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Postby it's the suspense that gets me » Thu Dec 26, 2019 12:17 pm

i broke the habit of putting a big post here everytime i watch something cuz i've simultaneously 1. been watching a lot of films over the past few weeks 2. been relatively preoccupied with other projects involving writing so just wanna write out some thoughts on what i've watched recently real quick...

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italianamerican (scorsese, 1974)

it's really neat how all of the stuff i've talked about re: one of the biggest themes in scorsese's work here being identity and how that relates to self-mythology are present here, in one of his earliest films. it's a much warmer film than just about any of the other ones i've seen, given that it's about his parents, who he obviously loves and are real people. it made me really nostalgic for the parts of family gatherings i enjoyed as a child, just old couples bickering and telling stories. it's also neat that he chose to document this given the theme in his latter period work about the fracturing of american community and legacy (see: de niro's final monologue in casino, the entirety of the departed). i dunno. this was a film that meant a lot to me to watch over christmastime. might become a yearly staple for me.

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no direction home (scorsese, 2005)

kindof the same deal in a lot of ways. an examination on which artists are responsible for the meaning their work takes on and their own self-image. dylan is a bigger asshole than scorsese's parents but the film is still a very warm and empathetic picture of him. bob dylan began to fascinate me over the past year for very similar reasons to why scorsese's films do, so this was a natural fit. i can't think of another major rock figure that's so invested in telling ridiculous bullshit stories about their lives in service of some vague sense of image building? the way it uses his words v. the perception of the people that surround him to come to a better understanding of who he actually is is really masterful. given, i think that's true of most media that's released under the bootleg series. in getting that uncut vision you really get a much better idea of who bob dylan was and who he's going for than any of his recorded albums. this film is obviously one of the biggest examples of that, but the another self-portrait compilation from a few years ago is expressing something very similar as well, putting one of his 'worst albums' into a context that ends up making it one of his best/most powerful. it's technically like, very clearly something that was made for pbs. but outside of that it's a pretty wonderful film that actually tracks quite well with scorsese's narrative features.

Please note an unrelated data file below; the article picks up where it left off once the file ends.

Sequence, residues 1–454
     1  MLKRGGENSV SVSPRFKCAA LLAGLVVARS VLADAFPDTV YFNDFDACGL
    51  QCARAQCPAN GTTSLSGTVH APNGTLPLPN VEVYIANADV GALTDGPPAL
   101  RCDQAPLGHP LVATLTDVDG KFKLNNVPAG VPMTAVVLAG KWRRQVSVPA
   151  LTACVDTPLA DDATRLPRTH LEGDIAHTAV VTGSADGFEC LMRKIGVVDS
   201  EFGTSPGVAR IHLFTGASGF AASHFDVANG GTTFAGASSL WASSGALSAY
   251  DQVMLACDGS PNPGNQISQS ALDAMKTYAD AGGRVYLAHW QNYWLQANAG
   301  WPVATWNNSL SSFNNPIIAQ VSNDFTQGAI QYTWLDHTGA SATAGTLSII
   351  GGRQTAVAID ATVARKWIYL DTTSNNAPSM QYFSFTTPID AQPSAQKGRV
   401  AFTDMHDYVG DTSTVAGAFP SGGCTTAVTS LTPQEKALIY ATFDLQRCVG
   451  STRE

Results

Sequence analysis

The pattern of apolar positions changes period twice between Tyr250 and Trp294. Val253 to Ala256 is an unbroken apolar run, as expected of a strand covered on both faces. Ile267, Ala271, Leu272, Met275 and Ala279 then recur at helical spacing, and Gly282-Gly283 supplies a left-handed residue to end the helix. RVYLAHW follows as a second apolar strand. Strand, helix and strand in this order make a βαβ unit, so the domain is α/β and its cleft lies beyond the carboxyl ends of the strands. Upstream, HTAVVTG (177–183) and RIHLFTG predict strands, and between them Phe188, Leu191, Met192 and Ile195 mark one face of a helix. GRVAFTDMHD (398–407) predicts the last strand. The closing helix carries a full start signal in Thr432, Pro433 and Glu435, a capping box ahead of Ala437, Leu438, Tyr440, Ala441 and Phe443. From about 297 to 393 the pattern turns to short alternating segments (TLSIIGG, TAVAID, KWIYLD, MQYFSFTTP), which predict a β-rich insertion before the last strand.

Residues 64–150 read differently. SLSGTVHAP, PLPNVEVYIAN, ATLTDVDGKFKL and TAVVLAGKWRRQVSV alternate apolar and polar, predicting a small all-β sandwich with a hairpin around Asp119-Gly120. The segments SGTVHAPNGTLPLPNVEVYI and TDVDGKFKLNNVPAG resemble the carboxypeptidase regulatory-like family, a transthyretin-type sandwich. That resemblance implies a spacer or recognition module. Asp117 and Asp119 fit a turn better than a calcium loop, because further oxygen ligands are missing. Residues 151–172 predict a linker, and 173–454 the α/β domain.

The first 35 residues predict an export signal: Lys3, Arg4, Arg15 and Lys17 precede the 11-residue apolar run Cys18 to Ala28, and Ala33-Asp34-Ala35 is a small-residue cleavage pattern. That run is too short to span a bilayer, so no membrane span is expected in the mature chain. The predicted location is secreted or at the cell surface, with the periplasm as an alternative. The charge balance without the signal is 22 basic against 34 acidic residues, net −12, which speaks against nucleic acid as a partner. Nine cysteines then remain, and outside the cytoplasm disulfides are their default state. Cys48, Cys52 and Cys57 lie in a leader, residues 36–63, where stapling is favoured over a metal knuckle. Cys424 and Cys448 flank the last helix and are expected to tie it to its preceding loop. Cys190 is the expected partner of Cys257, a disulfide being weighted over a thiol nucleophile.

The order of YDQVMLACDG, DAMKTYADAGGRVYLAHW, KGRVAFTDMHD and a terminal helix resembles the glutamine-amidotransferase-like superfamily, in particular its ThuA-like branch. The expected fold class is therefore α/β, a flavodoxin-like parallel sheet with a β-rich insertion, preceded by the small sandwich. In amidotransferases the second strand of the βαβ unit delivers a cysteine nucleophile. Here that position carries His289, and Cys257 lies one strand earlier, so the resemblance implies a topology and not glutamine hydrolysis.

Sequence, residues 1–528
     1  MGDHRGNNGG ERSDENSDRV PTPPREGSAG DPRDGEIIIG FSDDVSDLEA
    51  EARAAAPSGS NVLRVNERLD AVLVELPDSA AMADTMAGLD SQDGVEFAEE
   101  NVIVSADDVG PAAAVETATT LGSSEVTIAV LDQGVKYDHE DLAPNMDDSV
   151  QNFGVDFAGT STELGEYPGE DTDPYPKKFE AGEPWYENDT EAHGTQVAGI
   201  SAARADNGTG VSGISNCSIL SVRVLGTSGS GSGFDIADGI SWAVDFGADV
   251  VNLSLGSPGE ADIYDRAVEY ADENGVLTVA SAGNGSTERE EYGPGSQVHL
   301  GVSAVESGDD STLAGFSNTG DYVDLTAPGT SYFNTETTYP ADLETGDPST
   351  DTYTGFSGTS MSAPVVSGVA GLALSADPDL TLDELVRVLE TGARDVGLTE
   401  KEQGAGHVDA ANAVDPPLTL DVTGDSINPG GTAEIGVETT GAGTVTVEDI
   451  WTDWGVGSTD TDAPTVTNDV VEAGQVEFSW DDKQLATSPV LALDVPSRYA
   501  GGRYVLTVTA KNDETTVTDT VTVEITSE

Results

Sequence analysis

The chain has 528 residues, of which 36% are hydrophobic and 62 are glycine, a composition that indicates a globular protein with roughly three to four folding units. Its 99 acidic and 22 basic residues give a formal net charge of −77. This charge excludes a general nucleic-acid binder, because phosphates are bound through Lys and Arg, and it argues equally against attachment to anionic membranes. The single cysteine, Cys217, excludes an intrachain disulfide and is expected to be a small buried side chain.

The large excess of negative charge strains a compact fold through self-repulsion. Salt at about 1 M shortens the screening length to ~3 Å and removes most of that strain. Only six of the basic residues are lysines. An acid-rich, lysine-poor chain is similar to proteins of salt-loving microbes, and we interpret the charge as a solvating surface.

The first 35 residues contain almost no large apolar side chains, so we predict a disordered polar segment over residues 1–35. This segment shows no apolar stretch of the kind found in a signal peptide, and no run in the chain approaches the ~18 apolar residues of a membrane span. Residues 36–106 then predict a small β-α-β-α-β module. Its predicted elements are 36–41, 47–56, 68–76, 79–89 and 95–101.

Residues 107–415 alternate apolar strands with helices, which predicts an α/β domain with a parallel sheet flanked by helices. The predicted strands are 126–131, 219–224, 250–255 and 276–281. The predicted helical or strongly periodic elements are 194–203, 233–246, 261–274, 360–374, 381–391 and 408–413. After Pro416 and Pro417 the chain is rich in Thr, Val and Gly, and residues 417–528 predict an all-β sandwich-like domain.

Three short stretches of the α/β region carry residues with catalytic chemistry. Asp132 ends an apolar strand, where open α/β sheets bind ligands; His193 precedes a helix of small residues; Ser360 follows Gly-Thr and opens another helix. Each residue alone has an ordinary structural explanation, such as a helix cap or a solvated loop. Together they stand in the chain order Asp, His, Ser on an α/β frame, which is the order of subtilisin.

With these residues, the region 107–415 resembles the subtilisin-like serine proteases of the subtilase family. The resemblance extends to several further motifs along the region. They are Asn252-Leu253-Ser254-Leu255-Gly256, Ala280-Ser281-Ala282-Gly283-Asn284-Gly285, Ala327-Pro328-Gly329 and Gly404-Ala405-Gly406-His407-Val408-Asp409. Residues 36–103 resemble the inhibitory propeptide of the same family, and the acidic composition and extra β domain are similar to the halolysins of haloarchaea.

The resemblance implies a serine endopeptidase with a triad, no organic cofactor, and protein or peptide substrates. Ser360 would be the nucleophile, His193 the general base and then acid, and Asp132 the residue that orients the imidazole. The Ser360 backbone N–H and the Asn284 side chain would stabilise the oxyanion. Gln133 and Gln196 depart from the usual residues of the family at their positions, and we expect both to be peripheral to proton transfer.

his inclusion in the movie is warranted but god i hate looking at or thinking about allen ginsberg lol.

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i posted about them a little in their respective threads but imo scarface/casino made a really interesting double feature in terms of both being gangster epics that essentially depict humans who's relationships are entirely transactional. casino was very clearly the best film, and i think a much sharper and honed critique but they're both stylistic marvels. after having watched a bunch of de palma's horror films i really appreciate how much of it is shot like one (i.e. chainsaw scene, anytime the incest subplot comes to the forefront, the nyc chase scene). really adds a sense of gravity to it. i knew it was a film i liked but i feel more comfortable defending it now altho i get why pacino's performance and cuban accent would wreck it for people and i completely empathize with that.

for as much shit ppl give scorsese about "having his cake and eating it too" i think goodfellas, casino and wows all have some of the most harrowing depictions of domestic violence i've ever seen commited to screen. i don't think they would work nearly as well if they weren't contrasted with cartoonish images of how little any of these guys actually give a shit about anyone around them. in the sopranos thread i compared the tony/carmela fights in "whitecaps" to the lengthy domestic quarrels in billy woodberry/charles burnett's bless their little hearts but occams razor to me at this point says that scorsese was already working in that same vein. i wouldn't have been confident enough in this to argue it but i do feel legitimately incredibly embarassed that i would've been sympathetic to the "he makes the same movie over and over, glorifies gangsters etc." take that mcu stans seem to resolute in as early as may of this year, before watching "mean streets". scorsese is the living legend fuck it all and no regrets i hit the lights on these dark sets etc. etc.

maybe watching uncut gems directly after those films helped, but i definitely viewed it as kindof a body horror film about someone that's physiologically addicted to making the worst possible decisions because money has become his entire life. both psychedelic shots of open holes in the body, the repeated references to his libido being determined on making money or not making money. etc. i won't post much about it cuz it has it's own thread too but yeah. i ain't seen the irishman (or a bunch of other smaller films i'm still waiting to see) yet but that's probably my favorite theater experience of 2019.